But that’s in theory. In practice, things change. Like the others, I was used to sticking with my group. I was always an outsider, and my friends were minority groups, and I was content with being on my own. When I first noticed her, I looked at her as though she came from a different planet altogether. She wasn’t completely foreign to me, but I was curious about her intentions. I had met way too many privileged white people. I had met an academic who asked me if I knew how to use Google. So I kept my distance, I smiled at her from time to time, and stuttered when I spoke to her. Words seemed to escape and run back to her, it was as though they had decided that the language was hers, that it was not mine to toy with, and they snuggled better between her lips. My tongue was as twisted as a freshman learning French for the first time. And yet she didn’t seem to notice my anxiety. But I did. Anxiety was never a friend of mine. I was the most relaxed person, and yet here I was unsure how to behave in the presence of someone very foreign to me. There was an immediate meeting of souls and I was aware that language could not capture this transferable energy. She asked me for coffee, the first person to reach out to me. The others had never noticed my presence. I was the other, the Arab, the one who was different and invisible to them. They had formed a group, safe in the haven of the familiar, and inviting an alien out with them was not on the table. I began noticing that the world was divided even in the world of academia. Academia had different teams too. There were divisions and subdivisions. There was a cool table and a not-so-cool table. High school pseudo-politics had found yet another home. I wondered if people never change, and if adults are just meaner versions of children.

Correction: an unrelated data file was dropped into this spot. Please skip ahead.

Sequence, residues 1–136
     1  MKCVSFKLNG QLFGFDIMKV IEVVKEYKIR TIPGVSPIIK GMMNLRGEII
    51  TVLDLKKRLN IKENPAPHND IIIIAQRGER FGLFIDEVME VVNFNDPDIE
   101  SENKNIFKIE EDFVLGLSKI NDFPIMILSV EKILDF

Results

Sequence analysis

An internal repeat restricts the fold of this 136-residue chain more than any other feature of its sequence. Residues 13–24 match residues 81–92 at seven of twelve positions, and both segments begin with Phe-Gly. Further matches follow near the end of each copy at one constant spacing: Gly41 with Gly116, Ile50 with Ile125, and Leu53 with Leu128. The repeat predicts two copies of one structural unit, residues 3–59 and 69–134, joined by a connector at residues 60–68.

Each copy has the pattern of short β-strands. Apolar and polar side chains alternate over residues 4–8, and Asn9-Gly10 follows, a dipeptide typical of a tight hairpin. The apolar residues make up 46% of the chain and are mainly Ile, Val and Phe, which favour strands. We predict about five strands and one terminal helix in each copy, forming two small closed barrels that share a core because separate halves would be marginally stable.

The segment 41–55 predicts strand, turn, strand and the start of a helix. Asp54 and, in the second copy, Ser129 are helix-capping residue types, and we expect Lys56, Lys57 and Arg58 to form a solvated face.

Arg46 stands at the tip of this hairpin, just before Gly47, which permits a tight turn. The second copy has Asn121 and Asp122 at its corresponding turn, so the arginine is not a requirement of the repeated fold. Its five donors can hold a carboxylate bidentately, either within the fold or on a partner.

And yet here was a meeting of minds, an affair of cultures and a mingling of histories. I asked her how racist her great grandparents had been, and she laughed at the insinuation. They had, of course, been very racist, and very loyal to their people. My grandparents were the same in their xenophobia. As we began probing each other’s minds, I grew more fascinated with her ability to be so free of bias, prejudice, and racism. When I had previously felt like I was the object of an unpublished paper, I was now slowly being re-introduced to the ABCs of human connection. All of the isms went out the door: racism, sexism, ageism, ableism. We had nothing in common, I was of a different race, a different age, sexuality, ability/disability, and yet, surprise surprise – it had worked. It was a surprise to my friends and her friends, my colleagues and hers, and perhaps even more so, it was a creation of an alternative world. This was a place I wanted to be. There were words left unsaid, museums of minds left untrodden, dreams dangling between continents.

And so we collaborated. We researched, we analyzed, we found old textbooks that looked at societies, we tried to make sense of worlds of emotional war, we tried to break it down. What were they so afraid of? What was power all about? Was it a Western concept? Was it the East’s obsession with tradition, that tradition had to be upheld in the face of globalization? Was the West inherently racist? Was it white supremacy? What about Arab supremacy? What about lineage?

What was the tension in the air when we went for lunch with our colleagues? Bodies adjusted and re-adjusted, words cleansed and censored, ideas drafted endlessly, and none of us offered each other anything more than small talk. We didn’t like small talk. We couldn’t do small talk. She was a bit ahead of me in the Adult game, she knew human behavior more than I did and had been exposed to nonsense countless times. In a sense, she had become an Expert at man-made borders. When I was uncomfortable with the others, she reassured me that there was still someone who saw me for me, and as cliché as that sounds, I was grateful. Gratefulness is a word that seems to have lost its allure.

They invited me for Thanksgiving, and weren’t sure if I would join. Muslims don’t do Thanksgiving. But I could think of a few things I was thankful for. My people wondered why I would join a bunch of Thanks-givers.

She and I though, we crossed over to the other side. If I had hesitated, she had swam over to the deep end. But that’s who she was. She wasn’t afraid of depth, like Anais Nin once said, and she had a “great fear of shallow living.”

At the Airport, they separated us. GCC Nationals over here, all others over there. Stand in line, Don’t break the rule. See that red line on the floor? What, are you blind? I said, stick to your side.

Once we got to our destination, Airport security asked me to remove my shoes. The tall white man smiled at her approvingly, giving her the green light to keep moving. Walk on.